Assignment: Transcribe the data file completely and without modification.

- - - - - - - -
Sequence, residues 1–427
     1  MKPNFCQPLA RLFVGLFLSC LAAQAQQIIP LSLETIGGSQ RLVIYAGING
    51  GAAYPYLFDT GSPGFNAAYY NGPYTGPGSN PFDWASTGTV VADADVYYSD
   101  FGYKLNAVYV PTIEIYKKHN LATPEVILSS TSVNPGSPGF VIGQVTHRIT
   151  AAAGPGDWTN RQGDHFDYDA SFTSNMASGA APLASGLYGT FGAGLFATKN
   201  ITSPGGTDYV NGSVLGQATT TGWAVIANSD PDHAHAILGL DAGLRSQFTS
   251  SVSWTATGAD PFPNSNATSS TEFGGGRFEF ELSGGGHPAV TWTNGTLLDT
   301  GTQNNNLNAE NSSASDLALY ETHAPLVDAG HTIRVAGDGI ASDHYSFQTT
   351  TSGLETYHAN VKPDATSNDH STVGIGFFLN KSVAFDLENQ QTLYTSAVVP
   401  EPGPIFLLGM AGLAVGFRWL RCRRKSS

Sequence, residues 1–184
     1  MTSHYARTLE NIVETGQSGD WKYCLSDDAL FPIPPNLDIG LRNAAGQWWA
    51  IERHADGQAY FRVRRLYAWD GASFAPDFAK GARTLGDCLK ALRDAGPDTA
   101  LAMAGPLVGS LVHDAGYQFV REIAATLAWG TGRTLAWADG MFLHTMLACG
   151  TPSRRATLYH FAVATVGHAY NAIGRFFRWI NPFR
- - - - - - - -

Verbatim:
Sequence, residues 1–427
     1  MKPNFCQPLA RLFVGLFLSC LAAQAQQIIP LSLETIGGSQ RLVIYAGING
    51  GAAYPYLFDT GSPGFNAAYY NGPYTGPGSN PFDWASTGTV VADADVYYSD
   101  FGYKLNAVYV PTIEIYKKHN LATPEVILSS TSVNPGSPGF VIGQVTHRIT
   151  AAAGPGDWTN RQGDHFDYDA SFTSNMASGA APLASGLYGT FGAGLFATKN
   201  ITSPGGTDYV NGSVLGQATT TGWAVIANSD PDHAHAILGL DAGLRSQFTS
   251  SVSWTATGAD PFPNSNATSS TEFGGGRFEF ELSGGGHPAV TWTNGTLLDT
   301  GTQNNNLNAE NSSASDLALY ETHAPLVDAG HTIRVAGDGI ASDHYSFQTT
   351  TSGLETYHAN VKPDATSNDH STVGIGFFLN KSVAFDLENQ QTLYTSAVVP
   401  EPGPIFLLGM AGLAVGFRWL RCRRKSS

Sequence, residues 1–184
     1  MTSHYARTLE NIVETGQSGD WKYCLSDDAL FPIPPNLDIG LRNAAGQWWA
    51  IERHADGQAY FRVRRLYAWD GASFAPDFAK GARTLGDCLK ALRDAGPDTA
   101  LAMAGPLVGS LVHDAGYQFV REIAATLAWG TGRTLAWADG MFLHTMLACG
   151  TPSRRATLYH FAVATVGHAY NAIGRFFRWI NPFR